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A club specializing in the sale of natural, locally grown food is relocating to the site of a former downtown staple.
The Heartland Whole Life Buying Club is leasing the former Town & Country clothing store building on Public Square in Elizabethtown and will open Nov. 30 in its new home on, said Serena Erizer, a club founder.
Heartland Whole Life stocks an array of fresh and organic produce and locally sourced meats alongside farm-fresh cheeses, eggs, nuts, dried goods, organic flour and sugar, spices, oils and herbs, Erizer said. The organization has an herbalist on staff available for consultations.
“We’re kind of a one-stop shop,” she said.
Those who want to join the club can do so at a one-time membership fee of $125. Twenty-five dollars is required to begin and the remaining $100 must be paid in the first four months, she said.
The club offers free passes and plans to develop tiered membership prices and other promotional concepts as it grows, such as drop-off points around the community, Erizer said.
The membership fee is required, she said, because it helps the club cover operational costs without taking on loans and absorbing large amounts of debt. The store is open on Monday, Tuesday and Saturday but could expand hours.
In recent years, the food club has partnered with farmers on a Community Supported Agriculture program to supply residents with baskets of food over several weeks in the summer and sponsored a registered farmer’s market. Additionally, it offers the use of a far infrared sauna, she said.
Erizer said the transition may be “rough” at first because the store still will closely resemble the clothing store in decor and style. Erizer said Heartland plans to replace the flooring and make other improvements but likely will renovate the shop in phases.
The club was started around seven years ago by Erizer and friend Lori Smith, operating originally out of Erizer’s garage. As interest and business grew, it expanded and currently operates out of a suite at 2608 Ring Road next to Advantacare Chiropractic Wellness Center. The sale of that location ignited a search for a new facility as Erizer learned Town & Country was for sale.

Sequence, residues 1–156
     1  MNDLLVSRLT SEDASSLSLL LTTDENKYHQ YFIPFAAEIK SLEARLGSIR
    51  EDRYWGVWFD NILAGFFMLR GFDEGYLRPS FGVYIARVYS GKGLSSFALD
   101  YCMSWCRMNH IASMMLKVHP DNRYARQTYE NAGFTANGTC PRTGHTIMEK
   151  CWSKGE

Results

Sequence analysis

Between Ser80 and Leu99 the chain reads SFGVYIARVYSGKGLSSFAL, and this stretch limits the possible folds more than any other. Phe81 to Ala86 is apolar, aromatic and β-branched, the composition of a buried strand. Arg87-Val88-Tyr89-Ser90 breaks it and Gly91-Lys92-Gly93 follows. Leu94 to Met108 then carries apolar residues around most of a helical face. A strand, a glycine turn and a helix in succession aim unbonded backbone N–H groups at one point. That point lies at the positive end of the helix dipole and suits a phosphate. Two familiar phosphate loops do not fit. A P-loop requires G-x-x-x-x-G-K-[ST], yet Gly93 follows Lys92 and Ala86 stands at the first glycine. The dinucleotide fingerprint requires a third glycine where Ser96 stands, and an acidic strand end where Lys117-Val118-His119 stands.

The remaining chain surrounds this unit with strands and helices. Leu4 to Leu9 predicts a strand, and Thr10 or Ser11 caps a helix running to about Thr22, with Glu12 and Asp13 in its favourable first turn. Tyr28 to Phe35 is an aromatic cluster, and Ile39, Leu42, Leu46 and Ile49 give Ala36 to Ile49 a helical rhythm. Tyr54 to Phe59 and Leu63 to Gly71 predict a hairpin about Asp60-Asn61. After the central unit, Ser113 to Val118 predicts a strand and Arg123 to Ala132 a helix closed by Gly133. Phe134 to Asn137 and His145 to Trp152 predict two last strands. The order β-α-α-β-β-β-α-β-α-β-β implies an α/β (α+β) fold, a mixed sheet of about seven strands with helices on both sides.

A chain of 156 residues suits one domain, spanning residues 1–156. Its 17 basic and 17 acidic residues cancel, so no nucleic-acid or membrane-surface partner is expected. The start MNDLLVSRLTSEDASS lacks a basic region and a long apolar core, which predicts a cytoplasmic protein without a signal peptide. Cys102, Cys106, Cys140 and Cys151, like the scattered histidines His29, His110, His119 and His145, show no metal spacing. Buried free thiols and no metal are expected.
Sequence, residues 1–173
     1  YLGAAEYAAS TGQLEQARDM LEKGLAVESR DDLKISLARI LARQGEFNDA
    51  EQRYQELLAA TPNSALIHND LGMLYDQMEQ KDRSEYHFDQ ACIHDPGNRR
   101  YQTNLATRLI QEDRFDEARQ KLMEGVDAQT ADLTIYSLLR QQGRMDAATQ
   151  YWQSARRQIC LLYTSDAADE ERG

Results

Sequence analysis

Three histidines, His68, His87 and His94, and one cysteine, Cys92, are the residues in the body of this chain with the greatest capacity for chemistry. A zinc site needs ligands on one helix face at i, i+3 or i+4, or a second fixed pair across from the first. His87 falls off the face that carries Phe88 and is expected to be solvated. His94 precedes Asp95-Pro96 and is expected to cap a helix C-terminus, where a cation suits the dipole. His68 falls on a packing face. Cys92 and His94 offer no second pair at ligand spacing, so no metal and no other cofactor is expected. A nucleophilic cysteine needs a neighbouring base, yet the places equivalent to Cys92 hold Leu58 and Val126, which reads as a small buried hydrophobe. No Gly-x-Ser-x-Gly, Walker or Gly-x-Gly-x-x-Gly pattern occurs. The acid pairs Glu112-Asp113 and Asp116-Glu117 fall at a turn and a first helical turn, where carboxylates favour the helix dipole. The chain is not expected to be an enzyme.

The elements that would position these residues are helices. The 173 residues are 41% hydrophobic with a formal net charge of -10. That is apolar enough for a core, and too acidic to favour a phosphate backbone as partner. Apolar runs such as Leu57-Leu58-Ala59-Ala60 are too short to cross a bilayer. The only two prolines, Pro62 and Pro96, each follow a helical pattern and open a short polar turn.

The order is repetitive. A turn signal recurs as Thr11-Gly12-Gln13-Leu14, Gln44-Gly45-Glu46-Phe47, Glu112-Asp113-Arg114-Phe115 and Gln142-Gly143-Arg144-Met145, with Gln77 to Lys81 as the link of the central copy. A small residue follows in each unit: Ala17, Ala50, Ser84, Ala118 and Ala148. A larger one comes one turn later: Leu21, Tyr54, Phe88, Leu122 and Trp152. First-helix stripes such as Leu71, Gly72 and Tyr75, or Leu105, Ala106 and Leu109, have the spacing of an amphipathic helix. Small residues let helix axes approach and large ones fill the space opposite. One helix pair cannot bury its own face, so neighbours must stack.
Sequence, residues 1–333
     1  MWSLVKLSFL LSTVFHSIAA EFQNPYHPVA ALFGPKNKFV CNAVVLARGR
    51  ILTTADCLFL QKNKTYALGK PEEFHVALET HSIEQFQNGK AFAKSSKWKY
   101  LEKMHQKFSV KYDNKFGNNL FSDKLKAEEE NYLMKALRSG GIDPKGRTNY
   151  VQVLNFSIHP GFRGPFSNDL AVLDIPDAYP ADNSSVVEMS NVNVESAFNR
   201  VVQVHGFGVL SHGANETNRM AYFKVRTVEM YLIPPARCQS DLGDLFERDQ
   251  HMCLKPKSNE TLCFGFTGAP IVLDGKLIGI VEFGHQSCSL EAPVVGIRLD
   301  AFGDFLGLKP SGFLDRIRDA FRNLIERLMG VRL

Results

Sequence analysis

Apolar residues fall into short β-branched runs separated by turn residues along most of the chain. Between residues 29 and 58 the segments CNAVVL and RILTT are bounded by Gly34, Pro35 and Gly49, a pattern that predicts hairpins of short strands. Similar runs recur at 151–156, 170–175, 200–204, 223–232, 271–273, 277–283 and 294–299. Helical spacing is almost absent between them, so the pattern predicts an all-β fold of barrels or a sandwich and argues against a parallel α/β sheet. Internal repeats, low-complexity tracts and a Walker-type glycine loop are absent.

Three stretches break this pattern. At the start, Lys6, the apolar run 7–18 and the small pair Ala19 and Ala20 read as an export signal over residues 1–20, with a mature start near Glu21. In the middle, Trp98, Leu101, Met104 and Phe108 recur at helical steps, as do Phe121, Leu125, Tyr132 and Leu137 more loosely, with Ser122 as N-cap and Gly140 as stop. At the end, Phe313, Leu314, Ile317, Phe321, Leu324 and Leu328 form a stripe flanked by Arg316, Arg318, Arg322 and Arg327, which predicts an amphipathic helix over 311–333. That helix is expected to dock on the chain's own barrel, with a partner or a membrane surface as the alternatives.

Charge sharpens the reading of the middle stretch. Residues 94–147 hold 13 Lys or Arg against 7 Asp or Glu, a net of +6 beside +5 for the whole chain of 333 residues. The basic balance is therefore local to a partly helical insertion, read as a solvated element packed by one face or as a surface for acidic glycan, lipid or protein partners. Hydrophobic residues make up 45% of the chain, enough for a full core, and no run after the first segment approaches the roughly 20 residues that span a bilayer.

Erizer said the location is a strong fit and will provide something new to the downtown area. Like others who have transplanted into downtown, she expressed a desire to be part of a greater revitalization she believes is attainable as more shops emerge.
“We’re kind of a destination,” she said.
Local businessman Kevin Addington agreed to buy the building and lease the property to the club. Addington said time was of the essence, thinking the store may sell before Erizer and her business associates could get their finances in order.
Addington said he has a contract for the facility and is in the process of closing on the acquisition. He supports the food club’s mission and believes it is a needed asset for downtown.
“I’m just happy to do it,” he said. “I have an affection for old buildings.”
With around 4,000-square feet to work with, Erizer said the food club roughly will quadruple in size. She believes the new development was “led by God” and said it is supported by their customers.
“Oh, they’re ecstatic,” she said. “We’re really happy about that.”
Town & Country owner Jane Clauson closed the store earlier this year after about 60 years in business, citing her health as one of the main reasons.
Marty Finley can be reached at 270-505-1762 or email@example.com.